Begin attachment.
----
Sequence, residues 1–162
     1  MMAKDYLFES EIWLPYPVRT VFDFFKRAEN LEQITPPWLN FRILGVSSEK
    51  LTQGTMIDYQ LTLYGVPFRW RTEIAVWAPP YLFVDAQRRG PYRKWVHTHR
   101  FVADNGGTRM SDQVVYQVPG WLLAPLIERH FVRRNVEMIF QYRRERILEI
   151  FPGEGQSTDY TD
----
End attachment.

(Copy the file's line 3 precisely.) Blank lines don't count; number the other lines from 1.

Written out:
    51  LTQGTMIDYQ LTLYGVPFRW RTEIAVWAPP YLFVDAQRRG PYRKWVHTHR